I was raised near Russian River, and when I was an actor, I spent a summer acting at a theater near there. Our free afternoons were spent on the river, and often with a bottle (or two) of the local Chardonnay. Even then, the name Sonoma-Cutrer meant the very best Chard that the River region had to offer. Today, thirty years later, I can still turn to it like a reliable old friend. It is elegant and crisp, wonderful on its own, and equally delicious with food. It's not an oak bomb or a butterball like so many other California Chardonnays--it is just a flavor bomb.
A few nights ago, I was invited to attend an event sponsored by Sonoma-Cutrer, a panel to explore the food trends of the past thirty years. The panelists were Charlie Palmer (of Aureole, et al), Michael Lomonaco (an old buddy who runs one of my favorite New York eateries, Porterhouse), Sonoma-Cutrer's charming and talented winemaker Mick Schroeter, Raymond Solokov (a food writer whose writing reached millions at the Wall Street Journal), Dede Wilson (another friend and writer whose work is often seen in Bon Appétit), all moderated by Barbara Fairchild (who, for most of us, will always be Bon Appétit).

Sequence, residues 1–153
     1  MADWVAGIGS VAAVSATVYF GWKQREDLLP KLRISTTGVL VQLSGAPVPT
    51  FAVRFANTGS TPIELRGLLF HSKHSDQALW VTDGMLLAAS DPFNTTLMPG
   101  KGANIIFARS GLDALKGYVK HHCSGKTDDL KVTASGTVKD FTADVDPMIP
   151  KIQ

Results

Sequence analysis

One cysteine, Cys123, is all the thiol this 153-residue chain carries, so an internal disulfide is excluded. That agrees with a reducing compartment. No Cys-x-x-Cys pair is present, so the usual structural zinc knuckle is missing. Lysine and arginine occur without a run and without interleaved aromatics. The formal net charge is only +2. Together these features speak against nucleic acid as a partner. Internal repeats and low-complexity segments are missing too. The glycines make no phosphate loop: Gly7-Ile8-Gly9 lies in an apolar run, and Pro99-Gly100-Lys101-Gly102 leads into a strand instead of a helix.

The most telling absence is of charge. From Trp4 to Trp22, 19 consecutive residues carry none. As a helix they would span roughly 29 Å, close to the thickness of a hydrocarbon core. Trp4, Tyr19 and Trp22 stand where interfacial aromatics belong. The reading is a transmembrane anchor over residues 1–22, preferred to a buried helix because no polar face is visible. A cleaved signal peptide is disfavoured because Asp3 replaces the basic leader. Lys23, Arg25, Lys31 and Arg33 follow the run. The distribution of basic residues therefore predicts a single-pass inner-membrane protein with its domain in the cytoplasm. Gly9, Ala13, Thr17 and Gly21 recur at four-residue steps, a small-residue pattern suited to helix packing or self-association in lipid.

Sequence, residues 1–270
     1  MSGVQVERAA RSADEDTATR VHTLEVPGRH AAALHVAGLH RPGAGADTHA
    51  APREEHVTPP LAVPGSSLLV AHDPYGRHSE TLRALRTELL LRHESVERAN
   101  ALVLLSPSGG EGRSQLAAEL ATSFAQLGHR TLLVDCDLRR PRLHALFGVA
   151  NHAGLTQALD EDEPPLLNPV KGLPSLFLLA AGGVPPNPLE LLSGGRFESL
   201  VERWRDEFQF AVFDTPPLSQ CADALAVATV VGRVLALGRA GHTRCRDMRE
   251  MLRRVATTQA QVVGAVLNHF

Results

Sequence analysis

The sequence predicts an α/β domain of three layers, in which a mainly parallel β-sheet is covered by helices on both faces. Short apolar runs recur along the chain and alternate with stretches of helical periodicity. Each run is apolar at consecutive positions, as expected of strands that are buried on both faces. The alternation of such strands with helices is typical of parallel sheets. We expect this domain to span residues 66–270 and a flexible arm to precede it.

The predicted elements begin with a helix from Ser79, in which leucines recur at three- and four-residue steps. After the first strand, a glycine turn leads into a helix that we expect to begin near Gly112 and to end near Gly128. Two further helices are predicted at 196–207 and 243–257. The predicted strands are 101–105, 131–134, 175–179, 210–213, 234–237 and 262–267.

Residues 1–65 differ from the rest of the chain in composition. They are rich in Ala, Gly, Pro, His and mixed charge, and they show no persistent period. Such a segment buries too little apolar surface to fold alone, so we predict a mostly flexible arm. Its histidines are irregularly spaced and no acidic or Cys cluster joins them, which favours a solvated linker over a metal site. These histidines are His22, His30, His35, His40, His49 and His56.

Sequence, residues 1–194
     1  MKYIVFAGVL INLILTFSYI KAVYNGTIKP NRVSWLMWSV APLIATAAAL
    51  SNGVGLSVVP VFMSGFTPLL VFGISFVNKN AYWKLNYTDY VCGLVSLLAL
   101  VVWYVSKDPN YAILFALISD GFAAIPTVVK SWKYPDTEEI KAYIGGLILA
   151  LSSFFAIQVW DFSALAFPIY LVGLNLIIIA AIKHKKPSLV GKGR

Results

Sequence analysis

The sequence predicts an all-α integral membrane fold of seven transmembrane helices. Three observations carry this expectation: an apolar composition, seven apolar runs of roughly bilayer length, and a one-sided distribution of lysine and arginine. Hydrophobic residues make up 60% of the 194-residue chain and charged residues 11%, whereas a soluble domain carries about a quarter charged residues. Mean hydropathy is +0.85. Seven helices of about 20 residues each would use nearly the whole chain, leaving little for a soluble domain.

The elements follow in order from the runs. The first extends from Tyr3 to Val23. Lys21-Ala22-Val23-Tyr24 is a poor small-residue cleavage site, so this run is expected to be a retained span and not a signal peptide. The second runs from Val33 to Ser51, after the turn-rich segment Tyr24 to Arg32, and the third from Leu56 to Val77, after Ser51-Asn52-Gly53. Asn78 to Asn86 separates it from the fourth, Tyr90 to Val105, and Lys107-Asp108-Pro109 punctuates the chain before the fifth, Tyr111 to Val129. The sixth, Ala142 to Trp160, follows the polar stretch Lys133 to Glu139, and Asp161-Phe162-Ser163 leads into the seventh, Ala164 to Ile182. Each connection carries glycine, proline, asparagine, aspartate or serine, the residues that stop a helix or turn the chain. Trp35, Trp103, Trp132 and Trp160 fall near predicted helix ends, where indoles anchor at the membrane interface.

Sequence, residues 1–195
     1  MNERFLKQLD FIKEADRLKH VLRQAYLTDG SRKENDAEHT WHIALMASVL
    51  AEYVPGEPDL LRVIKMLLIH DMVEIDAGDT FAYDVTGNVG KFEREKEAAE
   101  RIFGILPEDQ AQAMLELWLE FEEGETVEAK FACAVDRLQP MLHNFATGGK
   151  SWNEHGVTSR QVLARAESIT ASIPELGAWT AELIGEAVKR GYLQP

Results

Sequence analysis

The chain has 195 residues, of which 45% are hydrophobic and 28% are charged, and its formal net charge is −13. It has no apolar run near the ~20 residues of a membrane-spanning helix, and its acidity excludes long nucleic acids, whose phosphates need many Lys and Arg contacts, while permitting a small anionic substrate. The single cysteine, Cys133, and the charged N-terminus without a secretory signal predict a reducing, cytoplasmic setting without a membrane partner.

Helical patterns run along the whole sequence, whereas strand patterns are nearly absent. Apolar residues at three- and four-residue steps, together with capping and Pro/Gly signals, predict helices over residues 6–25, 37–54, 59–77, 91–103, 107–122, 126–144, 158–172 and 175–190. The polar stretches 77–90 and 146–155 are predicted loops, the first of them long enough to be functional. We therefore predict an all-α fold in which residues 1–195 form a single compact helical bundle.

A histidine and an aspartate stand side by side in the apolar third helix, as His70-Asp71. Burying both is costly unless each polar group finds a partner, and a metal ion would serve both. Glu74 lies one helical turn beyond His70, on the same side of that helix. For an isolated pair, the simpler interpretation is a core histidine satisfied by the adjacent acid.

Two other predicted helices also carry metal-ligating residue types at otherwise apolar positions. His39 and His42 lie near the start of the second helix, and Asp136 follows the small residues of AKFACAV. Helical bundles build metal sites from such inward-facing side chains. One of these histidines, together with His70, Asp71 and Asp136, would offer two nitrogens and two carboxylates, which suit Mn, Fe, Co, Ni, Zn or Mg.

The panel brought up a lot of fascinating points. Most interesting to me was the subject of culinary tradition versus culinary innovation. Think about it: Until nouvelle cuisine came around (it wasn't called nouvelle for nothing), a chef was judged by how well he (and very occasionally, she) excuted the French classics. Now, the classics have been replaced by how a chef creates her (or his) personal cuisine. Most of these attempts include a machine of some kind. How often have I been at a restaurant, eating plate after plate of unrecognizable food, only to wonder if the chef even knew how to roast a chicken in an oven.
The event was held at the International Culinary Center (formerly known as the French Culinary Center), the home to chef-professor Dave Arnold, a guy who probably does know how to roast a chicken but has made his name carrying the torch of Modernist Cuisine. It was interesting to note that the food that was served at the reception was one familiar face after another--tuna tartar, miniature shrimp po'boys, duck quesadillas.